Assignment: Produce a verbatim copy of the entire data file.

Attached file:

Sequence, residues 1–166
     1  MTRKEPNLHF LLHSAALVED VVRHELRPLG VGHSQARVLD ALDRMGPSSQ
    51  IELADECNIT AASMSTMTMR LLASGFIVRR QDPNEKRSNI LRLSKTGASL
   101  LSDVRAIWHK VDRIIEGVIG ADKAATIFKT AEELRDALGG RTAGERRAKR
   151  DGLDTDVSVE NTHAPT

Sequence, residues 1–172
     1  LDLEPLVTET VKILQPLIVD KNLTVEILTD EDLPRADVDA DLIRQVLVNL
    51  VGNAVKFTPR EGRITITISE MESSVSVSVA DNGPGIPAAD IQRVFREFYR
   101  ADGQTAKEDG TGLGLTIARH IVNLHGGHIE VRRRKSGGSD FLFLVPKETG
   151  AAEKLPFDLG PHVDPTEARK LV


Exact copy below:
Sequence, residues 1–166
     1  MTRKEPNLHF LLHSAALVED VVRHELRPLG VGHSQARVLD ALDRMGPSSQ
    51  IELADECNIT AASMSTMTMR LLASGFIVRR QDPNEKRSNI LRLSKTGASL
   101  LSDVRAIWHK VDRIIEGVIG ADKAATIFKT AEELRDALGG RTAGERRAKR
   151  DGLDTDVSVE NTHAPT

Sequence, residues 1–172
     1  LDLEPLVTET VKILQPLIVD KNLTVEILTD EDLPRADVDA DLIRQVLVNL
    51  VGNAVKFTPR EGRITITISE MESSVSVSVA DNGPGIPAAD IQRVFREFYR
   101  ADGQTAKEDG TGLGLTIARH IVNLHGGHIE VRRRKSGGSD FLFLVPKETG
   151  AAEKLPFDLG PHVDPTEARK LV